A growing trend in social media is the ever-increasing number of #fitspiration posts meant to encourage health and fitness. On one hand, some argue that these images are encouraging and supportive, while others gain argue a negative self-image from such posts. The 7 articles listed below dive into studies conducted on the correlation between social media and the impact on self-body image. Vote for which article you relate to the most regarding social media and body image reflection.
This article describes how social media has a positive correlation with negative body image. The study mentions that brief interaction with one’s own social media does not reflect these feelings, but consistent viewing of others pages reflects poorly on personal body image.
In this study, the authors examine the comparisons between people that are made in real life vs. social media. The article discusses the study’s findings that people tend to compare themselves more on social media than they do in real life. The study examined respondent’s appearance satisfaction, mood, diet and exercise thoughts and behaviors.
This article discusses the Social Comparison Theory and examines the differing viewpoints between thin ideal, athletic ideal and muscular ideal images. The study participants were then asked to do a round of exercise after viewing one of the three sets of images to determine the images impact.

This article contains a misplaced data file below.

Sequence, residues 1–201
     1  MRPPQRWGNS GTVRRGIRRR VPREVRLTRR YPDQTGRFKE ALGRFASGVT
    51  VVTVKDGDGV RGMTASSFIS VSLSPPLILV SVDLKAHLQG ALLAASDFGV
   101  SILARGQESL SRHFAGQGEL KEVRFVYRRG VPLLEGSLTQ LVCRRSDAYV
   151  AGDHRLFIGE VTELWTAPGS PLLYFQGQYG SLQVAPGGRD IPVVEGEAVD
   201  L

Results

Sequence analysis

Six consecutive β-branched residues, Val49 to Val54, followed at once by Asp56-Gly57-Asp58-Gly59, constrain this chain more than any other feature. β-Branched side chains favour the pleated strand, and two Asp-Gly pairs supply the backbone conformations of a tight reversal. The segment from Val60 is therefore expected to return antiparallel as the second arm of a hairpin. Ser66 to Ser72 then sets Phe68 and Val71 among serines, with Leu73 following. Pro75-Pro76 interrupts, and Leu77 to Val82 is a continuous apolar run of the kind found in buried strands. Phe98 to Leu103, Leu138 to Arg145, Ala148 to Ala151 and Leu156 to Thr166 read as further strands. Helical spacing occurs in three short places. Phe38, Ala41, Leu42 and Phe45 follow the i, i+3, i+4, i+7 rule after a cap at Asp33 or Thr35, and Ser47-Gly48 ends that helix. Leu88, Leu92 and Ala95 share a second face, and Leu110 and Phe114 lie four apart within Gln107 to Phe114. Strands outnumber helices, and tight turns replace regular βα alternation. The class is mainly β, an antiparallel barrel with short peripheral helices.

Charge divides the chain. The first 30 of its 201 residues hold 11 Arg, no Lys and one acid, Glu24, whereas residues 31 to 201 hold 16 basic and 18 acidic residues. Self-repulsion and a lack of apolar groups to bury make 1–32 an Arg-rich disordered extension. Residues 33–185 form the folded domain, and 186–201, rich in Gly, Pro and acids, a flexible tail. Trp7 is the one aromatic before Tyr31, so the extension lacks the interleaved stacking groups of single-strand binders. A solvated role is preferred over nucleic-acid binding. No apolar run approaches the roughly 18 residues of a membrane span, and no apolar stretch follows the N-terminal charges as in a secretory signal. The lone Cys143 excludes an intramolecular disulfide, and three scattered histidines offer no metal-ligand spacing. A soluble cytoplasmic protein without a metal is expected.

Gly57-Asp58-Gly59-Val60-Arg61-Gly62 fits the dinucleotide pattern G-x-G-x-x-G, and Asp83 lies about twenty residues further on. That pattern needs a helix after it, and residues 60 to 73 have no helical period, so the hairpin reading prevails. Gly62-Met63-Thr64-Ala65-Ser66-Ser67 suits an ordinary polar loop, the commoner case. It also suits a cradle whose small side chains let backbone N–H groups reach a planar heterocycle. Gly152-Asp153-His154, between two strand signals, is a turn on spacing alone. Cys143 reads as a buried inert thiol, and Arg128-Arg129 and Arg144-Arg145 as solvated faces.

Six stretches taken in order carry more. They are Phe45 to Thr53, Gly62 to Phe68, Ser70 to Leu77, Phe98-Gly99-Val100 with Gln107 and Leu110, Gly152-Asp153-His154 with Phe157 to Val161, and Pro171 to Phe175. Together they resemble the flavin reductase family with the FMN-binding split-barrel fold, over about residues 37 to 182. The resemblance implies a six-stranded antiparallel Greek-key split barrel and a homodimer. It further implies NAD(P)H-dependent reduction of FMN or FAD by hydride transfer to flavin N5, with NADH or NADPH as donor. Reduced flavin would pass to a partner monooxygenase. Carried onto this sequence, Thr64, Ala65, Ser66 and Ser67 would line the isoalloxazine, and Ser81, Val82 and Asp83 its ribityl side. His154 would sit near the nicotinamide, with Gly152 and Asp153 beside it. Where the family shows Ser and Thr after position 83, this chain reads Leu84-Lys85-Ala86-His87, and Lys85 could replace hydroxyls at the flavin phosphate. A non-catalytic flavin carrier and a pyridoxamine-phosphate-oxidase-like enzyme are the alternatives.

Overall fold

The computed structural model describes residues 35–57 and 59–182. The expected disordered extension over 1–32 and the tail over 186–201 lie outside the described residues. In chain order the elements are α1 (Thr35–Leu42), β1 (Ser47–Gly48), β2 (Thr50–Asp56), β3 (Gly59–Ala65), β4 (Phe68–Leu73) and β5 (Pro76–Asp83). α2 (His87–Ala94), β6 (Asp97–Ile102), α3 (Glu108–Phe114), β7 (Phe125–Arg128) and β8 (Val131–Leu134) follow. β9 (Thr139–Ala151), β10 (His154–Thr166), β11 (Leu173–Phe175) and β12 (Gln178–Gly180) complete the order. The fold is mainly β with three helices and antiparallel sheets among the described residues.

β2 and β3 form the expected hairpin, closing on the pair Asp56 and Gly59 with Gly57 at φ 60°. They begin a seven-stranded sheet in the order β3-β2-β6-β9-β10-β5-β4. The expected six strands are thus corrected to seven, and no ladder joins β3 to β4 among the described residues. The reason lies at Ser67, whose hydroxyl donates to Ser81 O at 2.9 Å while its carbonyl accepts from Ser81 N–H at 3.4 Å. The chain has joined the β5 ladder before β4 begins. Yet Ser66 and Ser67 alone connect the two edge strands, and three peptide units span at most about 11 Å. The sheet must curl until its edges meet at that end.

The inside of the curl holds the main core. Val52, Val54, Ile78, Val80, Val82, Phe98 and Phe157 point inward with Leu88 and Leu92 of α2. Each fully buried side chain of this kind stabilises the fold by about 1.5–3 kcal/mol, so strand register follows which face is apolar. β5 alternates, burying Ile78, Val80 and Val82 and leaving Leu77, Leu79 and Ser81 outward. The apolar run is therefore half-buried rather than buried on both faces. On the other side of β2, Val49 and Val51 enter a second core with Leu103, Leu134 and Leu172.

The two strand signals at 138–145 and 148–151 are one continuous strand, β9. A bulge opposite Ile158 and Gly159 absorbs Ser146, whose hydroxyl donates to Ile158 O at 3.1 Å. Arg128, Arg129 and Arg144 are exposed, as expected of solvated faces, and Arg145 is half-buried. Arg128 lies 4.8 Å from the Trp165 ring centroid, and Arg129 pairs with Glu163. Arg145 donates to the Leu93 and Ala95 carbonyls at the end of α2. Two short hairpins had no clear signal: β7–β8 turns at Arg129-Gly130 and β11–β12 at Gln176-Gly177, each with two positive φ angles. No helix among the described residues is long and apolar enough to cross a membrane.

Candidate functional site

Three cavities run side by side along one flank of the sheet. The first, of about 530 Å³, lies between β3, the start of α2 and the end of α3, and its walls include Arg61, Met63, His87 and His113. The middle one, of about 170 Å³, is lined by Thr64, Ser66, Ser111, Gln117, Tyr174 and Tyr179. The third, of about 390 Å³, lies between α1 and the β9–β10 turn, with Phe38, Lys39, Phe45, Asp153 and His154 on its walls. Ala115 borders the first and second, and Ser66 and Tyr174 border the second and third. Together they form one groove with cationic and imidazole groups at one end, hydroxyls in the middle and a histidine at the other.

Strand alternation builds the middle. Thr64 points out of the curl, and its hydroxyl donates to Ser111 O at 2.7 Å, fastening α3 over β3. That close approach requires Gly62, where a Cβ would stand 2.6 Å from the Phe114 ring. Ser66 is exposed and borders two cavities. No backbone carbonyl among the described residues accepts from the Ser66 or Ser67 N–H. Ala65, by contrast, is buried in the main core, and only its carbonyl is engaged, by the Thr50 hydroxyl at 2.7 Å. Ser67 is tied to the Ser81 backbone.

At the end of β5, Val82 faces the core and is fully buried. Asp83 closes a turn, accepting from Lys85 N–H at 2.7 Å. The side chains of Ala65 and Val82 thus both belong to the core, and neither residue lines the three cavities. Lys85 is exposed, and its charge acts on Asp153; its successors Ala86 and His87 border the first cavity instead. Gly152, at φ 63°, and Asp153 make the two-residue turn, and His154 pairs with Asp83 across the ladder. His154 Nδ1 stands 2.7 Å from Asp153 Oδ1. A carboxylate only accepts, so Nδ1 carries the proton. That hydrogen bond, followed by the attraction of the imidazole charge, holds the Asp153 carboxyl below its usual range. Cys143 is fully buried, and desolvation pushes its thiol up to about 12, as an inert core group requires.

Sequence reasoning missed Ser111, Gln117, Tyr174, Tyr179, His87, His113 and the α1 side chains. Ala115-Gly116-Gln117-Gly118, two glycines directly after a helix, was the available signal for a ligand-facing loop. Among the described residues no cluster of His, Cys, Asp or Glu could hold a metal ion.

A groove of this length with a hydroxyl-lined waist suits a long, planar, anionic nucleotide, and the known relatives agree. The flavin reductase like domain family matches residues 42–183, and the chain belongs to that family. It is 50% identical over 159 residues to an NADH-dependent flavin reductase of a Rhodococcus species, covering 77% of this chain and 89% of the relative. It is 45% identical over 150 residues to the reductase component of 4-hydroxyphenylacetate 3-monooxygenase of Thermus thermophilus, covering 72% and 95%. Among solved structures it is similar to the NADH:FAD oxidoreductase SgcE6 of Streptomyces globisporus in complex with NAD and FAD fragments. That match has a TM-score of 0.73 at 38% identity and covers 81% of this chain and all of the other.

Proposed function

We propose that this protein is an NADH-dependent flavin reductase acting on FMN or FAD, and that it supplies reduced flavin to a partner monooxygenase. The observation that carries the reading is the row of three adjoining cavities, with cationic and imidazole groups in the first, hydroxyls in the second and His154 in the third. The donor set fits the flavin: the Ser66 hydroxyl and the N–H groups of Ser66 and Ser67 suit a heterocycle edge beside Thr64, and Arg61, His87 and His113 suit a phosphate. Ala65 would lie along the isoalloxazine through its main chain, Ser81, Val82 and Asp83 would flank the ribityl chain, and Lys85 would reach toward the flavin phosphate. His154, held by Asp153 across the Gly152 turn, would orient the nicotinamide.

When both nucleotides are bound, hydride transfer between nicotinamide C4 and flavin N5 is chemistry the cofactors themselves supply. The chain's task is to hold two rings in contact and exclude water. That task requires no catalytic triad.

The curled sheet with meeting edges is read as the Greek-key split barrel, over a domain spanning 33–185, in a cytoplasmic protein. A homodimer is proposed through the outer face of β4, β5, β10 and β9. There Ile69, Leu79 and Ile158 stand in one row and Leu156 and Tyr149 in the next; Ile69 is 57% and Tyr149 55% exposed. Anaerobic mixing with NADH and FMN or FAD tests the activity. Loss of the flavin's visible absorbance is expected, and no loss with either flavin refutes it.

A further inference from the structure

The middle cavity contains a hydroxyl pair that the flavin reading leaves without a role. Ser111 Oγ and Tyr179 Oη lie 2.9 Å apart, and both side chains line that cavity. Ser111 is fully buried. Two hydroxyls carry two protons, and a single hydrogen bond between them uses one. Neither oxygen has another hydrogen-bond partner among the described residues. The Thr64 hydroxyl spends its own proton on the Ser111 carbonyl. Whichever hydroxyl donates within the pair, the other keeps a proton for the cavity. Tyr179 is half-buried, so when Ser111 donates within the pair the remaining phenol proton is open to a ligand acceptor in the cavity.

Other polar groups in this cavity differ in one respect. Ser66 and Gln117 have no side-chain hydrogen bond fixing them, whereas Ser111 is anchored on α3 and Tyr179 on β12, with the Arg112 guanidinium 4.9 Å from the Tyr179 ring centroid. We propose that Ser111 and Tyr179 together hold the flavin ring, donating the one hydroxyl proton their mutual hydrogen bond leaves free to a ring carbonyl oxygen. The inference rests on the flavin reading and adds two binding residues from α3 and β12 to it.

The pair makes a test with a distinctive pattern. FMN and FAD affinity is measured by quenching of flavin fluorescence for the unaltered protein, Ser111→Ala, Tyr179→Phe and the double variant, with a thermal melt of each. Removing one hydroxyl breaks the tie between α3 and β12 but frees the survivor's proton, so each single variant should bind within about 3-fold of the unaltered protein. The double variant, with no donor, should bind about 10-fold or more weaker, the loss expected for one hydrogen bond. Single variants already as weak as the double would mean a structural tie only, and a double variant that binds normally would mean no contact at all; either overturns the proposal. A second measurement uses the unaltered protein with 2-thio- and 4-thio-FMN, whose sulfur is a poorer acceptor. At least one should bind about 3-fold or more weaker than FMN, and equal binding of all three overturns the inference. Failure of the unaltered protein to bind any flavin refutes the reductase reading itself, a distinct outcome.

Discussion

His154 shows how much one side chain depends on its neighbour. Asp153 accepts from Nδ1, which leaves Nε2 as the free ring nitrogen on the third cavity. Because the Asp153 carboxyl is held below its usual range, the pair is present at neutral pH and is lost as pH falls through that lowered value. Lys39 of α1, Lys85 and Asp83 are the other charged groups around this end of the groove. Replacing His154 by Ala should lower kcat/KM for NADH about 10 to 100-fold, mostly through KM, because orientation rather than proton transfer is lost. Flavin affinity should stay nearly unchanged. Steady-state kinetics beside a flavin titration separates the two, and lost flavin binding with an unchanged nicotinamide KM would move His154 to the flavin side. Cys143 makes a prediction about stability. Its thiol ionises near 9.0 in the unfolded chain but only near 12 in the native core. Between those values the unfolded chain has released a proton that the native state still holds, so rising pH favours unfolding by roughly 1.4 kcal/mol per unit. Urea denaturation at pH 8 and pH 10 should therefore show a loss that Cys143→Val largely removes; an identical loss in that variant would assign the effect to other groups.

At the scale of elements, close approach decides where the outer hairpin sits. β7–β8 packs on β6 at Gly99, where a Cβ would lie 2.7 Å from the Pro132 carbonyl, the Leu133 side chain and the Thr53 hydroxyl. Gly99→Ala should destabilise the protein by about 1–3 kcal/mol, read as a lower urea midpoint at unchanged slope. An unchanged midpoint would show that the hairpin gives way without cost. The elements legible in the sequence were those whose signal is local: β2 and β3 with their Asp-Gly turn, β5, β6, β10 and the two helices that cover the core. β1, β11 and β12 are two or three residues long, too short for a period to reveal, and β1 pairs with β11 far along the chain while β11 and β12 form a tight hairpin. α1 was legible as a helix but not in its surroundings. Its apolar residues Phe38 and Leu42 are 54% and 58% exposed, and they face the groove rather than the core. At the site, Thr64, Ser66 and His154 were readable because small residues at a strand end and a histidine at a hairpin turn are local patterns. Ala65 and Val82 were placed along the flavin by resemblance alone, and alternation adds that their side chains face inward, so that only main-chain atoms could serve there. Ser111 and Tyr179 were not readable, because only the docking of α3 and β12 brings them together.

Jennier Lewallen conducted an online experiment with women, testing how fitspo images lead to social comparison. She found that women who followed more fitness and health boards on Pinterest were more likely to take part in extreme weight loss behaviors.
Focusing on fitspiration images, this article studies the impact that these images and text have related to exercise and diet. It questions their impact on physical appearance, eating concerns and excessive exercise.
The article examined the difference between fitness inspiration photos and compassion quotes on various social media channels. The study showed that women who only viewed fitspiration images had a lower perception of their own body image. On the other hand, when viewing these images with compassionate quotes, the outcome was positive and encouraging.
This article focuses on four types of fitspirational social media messages and their relation to three indicators of body image. These indicators include body dissatisfaction, compulsive exercise and situated optimism related to body goals. The study provided that there are both positive and negative correlations of fitspo on social media.
This post was created with our nice and easy submission form. Create your post!